CAE Healthcare Announces International AHA Collaborative & Possibly Changes the Game?
One more piece of groundbreaking news from IMSH 2018 that we have excited to share was the announcement from CAE Healthcare that they are directly collaborating with the American Heart Association (AHA) to establish to establish a network of International Training Sites, designed to deliver lifesaving courses in countries that are currently underserved. Perhaps similar to CAE Healthcare’s parent company CAE, which provides direct training center programs in Aviation, this big news could demonstrate a fundamental shift in the way training in healthcare is done!
Official Announcement from CAE Healthcare & American Heart Association
“We are excited to collaborate with the American Heart Association to advance their mission to build healthier lives, free of cardiovascular disease and stroke, in more countries around the world,” said Dr. Robert Amyot, president of CAE Healthcare. “As an AHA International Training Center and training collaboration of choice, we plan to leverage our healthcare simulation expertise and our global network to deliver AHA-accredited courses to clinicians who might not have access to this internationally accepted certification training.”
The first authorized American Heart Association International Training Site to be operated by CAE Healthcare will open within the CAE Brunei Multi-Purpose Training Centre in Brunei Darussalam. Established as a venture between CAE and the Government of Brunei, the integrated facility is currently an aviation training center and an Emergency and Crisis Management Centre of Excellence that serves the region
CAE Healthcare will offer American Heart Association Emergency Cardiovascular Care (ECC) courses in Basic Life Support, Advanced Cardiac Life Support and Pediatric Advanced Life Support in Brunei beginning this month. The CAE Healthcare Academy has developed simulator-based curriculum for years that aligns with AHA guidelines and has trained faculty in its implementation.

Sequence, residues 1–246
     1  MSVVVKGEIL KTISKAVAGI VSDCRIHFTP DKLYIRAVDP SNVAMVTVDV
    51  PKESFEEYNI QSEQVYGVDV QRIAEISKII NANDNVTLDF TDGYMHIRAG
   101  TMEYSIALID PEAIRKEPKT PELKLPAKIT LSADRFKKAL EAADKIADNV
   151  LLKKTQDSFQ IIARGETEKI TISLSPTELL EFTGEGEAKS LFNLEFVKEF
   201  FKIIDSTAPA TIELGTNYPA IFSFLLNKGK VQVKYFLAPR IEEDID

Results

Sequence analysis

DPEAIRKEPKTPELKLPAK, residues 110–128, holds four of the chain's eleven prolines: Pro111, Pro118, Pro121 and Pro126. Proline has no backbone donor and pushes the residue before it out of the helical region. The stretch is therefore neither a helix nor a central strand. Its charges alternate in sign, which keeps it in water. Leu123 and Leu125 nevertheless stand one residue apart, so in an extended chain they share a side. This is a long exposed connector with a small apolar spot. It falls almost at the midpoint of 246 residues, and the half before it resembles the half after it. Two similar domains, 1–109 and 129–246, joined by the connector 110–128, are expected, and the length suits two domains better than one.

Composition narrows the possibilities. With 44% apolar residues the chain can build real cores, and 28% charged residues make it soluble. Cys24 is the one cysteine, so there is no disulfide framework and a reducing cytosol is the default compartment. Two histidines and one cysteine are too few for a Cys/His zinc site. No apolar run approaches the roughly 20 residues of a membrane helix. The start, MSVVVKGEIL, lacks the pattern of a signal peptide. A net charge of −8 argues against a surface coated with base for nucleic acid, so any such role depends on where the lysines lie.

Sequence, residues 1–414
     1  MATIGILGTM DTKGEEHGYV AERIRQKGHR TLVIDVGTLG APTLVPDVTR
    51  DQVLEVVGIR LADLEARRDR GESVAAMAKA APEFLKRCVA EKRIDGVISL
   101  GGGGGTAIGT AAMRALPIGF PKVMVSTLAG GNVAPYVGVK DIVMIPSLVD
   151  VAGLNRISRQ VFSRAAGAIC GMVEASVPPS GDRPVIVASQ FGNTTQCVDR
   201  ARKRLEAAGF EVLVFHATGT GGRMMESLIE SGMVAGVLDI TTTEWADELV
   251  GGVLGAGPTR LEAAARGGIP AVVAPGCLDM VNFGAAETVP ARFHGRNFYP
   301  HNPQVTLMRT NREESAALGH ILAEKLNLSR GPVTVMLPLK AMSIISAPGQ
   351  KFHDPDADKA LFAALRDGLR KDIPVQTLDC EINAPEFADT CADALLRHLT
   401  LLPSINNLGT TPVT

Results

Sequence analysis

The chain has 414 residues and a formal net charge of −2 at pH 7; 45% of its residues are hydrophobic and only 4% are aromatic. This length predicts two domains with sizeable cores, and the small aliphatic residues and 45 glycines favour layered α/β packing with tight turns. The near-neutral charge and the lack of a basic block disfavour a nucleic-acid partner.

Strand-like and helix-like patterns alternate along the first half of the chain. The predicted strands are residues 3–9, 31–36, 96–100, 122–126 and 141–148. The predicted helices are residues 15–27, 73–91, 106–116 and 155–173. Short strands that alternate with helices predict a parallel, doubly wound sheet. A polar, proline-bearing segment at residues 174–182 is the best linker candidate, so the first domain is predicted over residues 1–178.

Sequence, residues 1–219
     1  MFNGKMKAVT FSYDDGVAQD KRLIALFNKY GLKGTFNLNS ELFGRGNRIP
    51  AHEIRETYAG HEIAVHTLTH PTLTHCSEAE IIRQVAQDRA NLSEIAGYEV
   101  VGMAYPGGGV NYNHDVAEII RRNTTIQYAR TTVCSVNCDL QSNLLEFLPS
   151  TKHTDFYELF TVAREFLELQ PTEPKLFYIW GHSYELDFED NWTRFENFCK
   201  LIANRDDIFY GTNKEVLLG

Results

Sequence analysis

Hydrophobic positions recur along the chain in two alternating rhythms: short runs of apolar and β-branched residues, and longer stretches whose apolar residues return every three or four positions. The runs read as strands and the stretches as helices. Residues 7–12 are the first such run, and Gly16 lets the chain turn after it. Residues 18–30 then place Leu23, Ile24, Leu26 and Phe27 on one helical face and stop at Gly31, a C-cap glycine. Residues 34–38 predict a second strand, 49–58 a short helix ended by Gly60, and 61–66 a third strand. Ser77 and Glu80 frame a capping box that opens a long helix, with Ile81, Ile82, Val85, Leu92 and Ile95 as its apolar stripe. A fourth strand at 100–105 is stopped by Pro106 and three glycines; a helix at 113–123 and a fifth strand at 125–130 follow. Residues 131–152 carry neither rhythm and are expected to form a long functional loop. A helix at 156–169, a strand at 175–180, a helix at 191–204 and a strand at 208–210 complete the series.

“Cardiovascular disease is the world’s leading killer, so we’re working globally to build healthier lives,” said John Meiners, Chief of Mission-aligned Businesses at the American Heart Association. “Joining forces with organizations like CAE Healthcare to make our life-saving trainings available to more people around the world is essential to our mission and we are excited at the scope of services this collaboration will provide.”
The 2015 American Heart Association Guidelines for CPR & ECC state high-quality cardiopulmonary resuscitation (CPR) training for both healthcare providers and bystanders to help them feel more confident to act and to provide better CPR to cardiac arrest victims. The rate of survival from cardiac arrest varies widely around the world; many factors can influence survival, but the best evidence shows that high-quality CPR and early defibrillation provide the best chance for a victim to survive.
CAE (NYSE: CAE; TSX: CAE) is a global leader in the delivery of training for the civil aviation, defense and security, and healthcare markets. They design and integrate the industry’s most comprehensive training solutions, anchored by the knowledge and expertise of more than 8,500 employees, their world-leading simulation technologies and a track record of service and technology innovation spanning seven decades. Their global presence is the broadest in the industry, with 160 sites and training locations in 35 countries, including our joint venture operations, and the world’s largest installed base of flight simulators. Each year, they train more than 120,000 civil and defense crew members, as well as thousands of healthcare professionals.
A New Way to Train Healthcare?
Starting, maintaining and expanding healthcare simulation training programs is extremely challenging. The knowledge necessary to be effective, the cost to train rotating faculty, the technical hurdles — there is so much work that goes into such development, construction, procurement, assessment, execution, operations, and evolution.
But in aviation, many new pilots come to centers like those run by CAE — and are taught how to fly. The entire program is “outsourced” to an independent company, saving time and money while potentially increasing outcomes — gained from millions of hours of previously successful simulated training experiences. Any program exploring the new development of simulation should at least consider, where are our dollars best spent — could we collaborate with somewhere else to lesson our burden to entry?